Limping Home

By Turner, Richard | Newsweek, June 9, 1997 | Go to article overview

Limping Home


Turner, Richard, Newsweek


Can a Triple Crown winner save thoroughbred racing? Don't bet on it.

AT BELMONT PARK ONE DAY LAST week, even as a crowd of 20,000 mills happily around the race-track sporting chestnut-color giveaway caps, Bob Baffert settles into a box seat amid a sea of empty rows. Belmont often seems eerily vacant, like a museum after closing time. Owners and breeders, blue-blooded and blue-haired, pick at swordfish in a sequestered dining room behind him; a few feet away, on the other side of the gate, old men chomp cigars and rustle Racing Forms, cursing at the TV screen. Between these two eternal factions of horse racing, there used to be swarms of middle-aged and middle-class people streaming to Belmont to enjoy the races every day. But that was 50 years ago.

There is trouble here: the stench of a sport that is dying. As the 44-year-old Baffert prepares to saddle Silver Charm this Saturday with a chance to become the 12th horse in history to win the Triple Crown, he knows his colt is being looked to as the sport's Tiger Woods, its Michael Jordan. But many racing people fear that Silver Charm will gambol with the ghosts of Secretariat and Citation, and nobody will notice. "The sport really needs this," Baffert says. "We need to turn this into an event and give the young people something to remember. My own kids think it's boring--or did until now--and they know everything about Ken Griffey."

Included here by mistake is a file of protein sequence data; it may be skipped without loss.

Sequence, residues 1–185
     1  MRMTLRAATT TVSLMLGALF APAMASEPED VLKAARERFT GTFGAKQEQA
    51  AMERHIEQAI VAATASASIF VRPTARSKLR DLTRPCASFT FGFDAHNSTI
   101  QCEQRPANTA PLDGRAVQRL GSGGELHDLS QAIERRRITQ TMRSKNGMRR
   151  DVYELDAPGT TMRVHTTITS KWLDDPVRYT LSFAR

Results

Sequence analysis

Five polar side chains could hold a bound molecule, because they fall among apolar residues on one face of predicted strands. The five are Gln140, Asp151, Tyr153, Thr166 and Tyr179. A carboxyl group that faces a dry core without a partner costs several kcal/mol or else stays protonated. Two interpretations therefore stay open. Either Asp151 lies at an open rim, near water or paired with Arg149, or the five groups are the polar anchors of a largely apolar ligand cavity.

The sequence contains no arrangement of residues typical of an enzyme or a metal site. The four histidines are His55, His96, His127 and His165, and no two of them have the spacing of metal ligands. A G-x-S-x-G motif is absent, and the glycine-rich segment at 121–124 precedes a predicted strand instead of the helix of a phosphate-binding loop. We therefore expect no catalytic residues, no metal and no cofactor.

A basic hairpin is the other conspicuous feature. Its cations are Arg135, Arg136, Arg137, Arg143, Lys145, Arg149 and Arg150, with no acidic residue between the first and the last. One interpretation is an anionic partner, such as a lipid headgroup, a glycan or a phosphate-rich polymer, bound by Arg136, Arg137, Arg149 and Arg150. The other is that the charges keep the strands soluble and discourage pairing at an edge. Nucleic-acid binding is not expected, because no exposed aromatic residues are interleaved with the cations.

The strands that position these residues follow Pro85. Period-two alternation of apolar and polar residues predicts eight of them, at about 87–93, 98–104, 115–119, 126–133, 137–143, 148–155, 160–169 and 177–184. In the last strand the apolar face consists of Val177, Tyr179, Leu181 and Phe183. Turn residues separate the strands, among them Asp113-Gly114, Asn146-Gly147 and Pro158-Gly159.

He says the racing industry should have created something like Joe Camel to lure young people, and though he's right, he doesn't realize he's picked a guileless metaphor. Baffert is refreshingly unpretentious and direct. "I'm a '90s kind of trainer," he says, and indeed, efforts were being made for him to appear on the Howard Stern radio show this week. Baffert is a Howard fan. Is Stern a racing fan? No. His father is. (We rest Our Case.)

Everything is in alignment for racing to romp home this week: a gutty colt with several serious challengers; a handsome, articulate jockey in Gary Stevens. But running Silver Charm through the celebrity machinery is no sure thing.

The vaunted winning streak of an older horse named Cigar, which ended last year, was no magic bullet. Attendance at racetracks has slumped nearly 50 percent since 1980, and TV ratings have plummeted.

The problem is attracting younger fans. "I've been through two generations, and I've seen everything get cool at one time or another," says Allen Gutterman, marketing chief for New York City's OffTrack Betting Corp. "Golf is cool now. Pool has been cool--twice. Even bowling was cool for a while. But in all that time, horse racing has never been perceived as cool."

The sport should have everything going for it Racing facilities are lovely relies of another time. Women jockeys compete equally with the men. The athletes don't act like jerks, chasing mares around singles bars. The sport is highly telegenic, and has great cyber-possibilities: it's full of railbird chatter, and handicappers analyze more downloadable data than fantasy-baseball practitioners do. But too few fans are young enough to know a byte from a bridle.

The enthusiasm of those who love the game is infectious. …

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